Even that does not do justice to the fall. “Sell / The Royal Air… / In the Parcel… Be the Merchant / Of the Heavenly Grace.” The air from a world beyond ours is put in a package. That cannot possibly be the same as being there. Vendler notes “Merchant of the Heavenly Grace” is no compliment (335). Dickinson speaks of preachers who use their congregation for money, much like our televangelists nowadays. They sell grace.

Dickinson seems to be saying two contradictory things. First, this is reality, we really can’t go “White… Unto the White Creator,” being of pure production and lineage. In the end, we’re all merchants of the heavenly grace. Second, this isn’t reality, this is the consequence of thinking one’s work having a merit beyond a paycheck or a reputation. If you indulge that thought, you create a realm where creation and purity are unified. It’s a realm which describes exactly no authors. Has she said anything true, then, about authorship?


She leaves the puzzle unsolved. Her last two lines, “But reduce no Human Spirit / To Disgrace of Price,” hint at a solution. It feels like she tried a lot of ideas to explain what it means to create but not care for money and fame. The only one in the end that works has to do with avoiding harm, avoiding indignity.

Publication has to happen. Somehow, it has to be reconciled with doing justice to the human spirit. “Snow,” I think, expands on the logic involved. If our work is where knowledge, feeling, and art meet—if we’re trying to build from the temporary, as pathetic as that seems—then the question is why that matters. We’ve assumed it matters because we intuit that authenticity is better than telling a mob what it wants to hear.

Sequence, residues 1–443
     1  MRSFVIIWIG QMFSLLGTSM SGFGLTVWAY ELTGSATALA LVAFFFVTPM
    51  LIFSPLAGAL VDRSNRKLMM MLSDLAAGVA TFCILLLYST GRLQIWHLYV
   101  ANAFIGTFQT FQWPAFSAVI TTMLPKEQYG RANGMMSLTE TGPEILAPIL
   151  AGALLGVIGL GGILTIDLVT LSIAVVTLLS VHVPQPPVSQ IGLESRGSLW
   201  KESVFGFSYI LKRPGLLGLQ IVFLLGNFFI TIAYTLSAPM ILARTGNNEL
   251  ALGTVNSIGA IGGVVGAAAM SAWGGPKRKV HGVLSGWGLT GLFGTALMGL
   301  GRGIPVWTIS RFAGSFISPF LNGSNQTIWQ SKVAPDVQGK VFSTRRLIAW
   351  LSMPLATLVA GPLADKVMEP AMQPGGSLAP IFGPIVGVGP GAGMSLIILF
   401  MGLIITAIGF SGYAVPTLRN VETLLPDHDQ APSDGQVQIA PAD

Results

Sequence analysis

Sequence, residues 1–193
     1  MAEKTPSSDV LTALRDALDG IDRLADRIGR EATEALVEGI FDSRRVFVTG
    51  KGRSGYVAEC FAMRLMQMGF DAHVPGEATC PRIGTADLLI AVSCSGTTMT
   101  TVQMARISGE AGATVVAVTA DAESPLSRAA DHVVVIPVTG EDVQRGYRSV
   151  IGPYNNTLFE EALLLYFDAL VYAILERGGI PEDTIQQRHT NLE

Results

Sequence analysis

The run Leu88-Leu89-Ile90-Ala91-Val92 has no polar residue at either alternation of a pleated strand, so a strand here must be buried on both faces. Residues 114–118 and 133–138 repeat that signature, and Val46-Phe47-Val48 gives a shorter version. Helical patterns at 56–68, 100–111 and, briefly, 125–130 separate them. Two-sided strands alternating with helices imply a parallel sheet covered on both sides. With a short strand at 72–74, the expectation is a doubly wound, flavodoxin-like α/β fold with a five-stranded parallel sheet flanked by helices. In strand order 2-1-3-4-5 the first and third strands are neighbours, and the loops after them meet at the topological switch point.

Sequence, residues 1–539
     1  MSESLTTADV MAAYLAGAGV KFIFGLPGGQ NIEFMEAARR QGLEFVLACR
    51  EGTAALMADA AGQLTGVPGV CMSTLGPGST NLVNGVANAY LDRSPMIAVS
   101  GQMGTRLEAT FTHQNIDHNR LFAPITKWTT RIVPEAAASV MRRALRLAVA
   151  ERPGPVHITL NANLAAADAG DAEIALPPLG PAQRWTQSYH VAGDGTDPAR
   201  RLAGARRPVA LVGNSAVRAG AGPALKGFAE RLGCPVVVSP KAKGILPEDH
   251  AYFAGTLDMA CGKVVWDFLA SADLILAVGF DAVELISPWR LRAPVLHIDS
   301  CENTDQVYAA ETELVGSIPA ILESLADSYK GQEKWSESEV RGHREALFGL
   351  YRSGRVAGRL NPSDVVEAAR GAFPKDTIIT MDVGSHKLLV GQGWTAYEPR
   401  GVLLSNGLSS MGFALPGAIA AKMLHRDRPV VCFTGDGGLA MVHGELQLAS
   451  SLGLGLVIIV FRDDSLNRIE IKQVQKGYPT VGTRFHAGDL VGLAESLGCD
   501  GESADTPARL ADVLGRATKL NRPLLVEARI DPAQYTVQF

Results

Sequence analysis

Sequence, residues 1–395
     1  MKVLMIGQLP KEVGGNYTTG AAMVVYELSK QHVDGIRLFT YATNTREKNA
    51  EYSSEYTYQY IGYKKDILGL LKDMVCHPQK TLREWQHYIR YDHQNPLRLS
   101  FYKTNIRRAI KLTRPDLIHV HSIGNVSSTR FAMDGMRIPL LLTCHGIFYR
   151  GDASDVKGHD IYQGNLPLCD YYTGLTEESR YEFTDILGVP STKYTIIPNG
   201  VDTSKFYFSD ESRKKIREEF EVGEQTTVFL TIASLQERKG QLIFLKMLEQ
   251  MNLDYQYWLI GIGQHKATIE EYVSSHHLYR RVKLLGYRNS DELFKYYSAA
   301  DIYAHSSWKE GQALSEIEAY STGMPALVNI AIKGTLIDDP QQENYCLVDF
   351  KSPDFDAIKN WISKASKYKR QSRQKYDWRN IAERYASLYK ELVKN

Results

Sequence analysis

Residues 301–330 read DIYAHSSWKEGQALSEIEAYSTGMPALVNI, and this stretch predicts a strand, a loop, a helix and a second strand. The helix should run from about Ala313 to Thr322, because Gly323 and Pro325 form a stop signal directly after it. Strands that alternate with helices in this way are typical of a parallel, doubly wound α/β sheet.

But there’s a deeper reason. As I get older, I regret that I didn’t take the time to document my experiences and emotions before. It was like life was offering me so many rich opportunities to reflect and put things together, and I didn’t bother. I could have been wiser so much sooner. If this sounds stupid or pathetic, I’d advise one to take a hard look at people who have been getting older and blaring the same thing they said at 20 but at 50, just louder, more obnoxiously, and with no more credibility. The “publication” that ultimately matters is having a record for an audience of one: yourself. The self can only be accountable to the self if it is known in some small way.


Vendler, Helen. Dickinson: Selected Poems and Commentaries. Cambridge: Harvard, 2010. 333-335.

Linda Gregg, “Highway 90”

Highly recommended: Allison Seay’s beautiful consideration of this poem, where she talks about the journey and the destination.


The ancient sense of what makes an omen puzzles. A falcon shrieking overhead as you’re being humiliated—how could this possibly mark you a future Emperor? Why would the arrangement of an animal’s organs tell the future?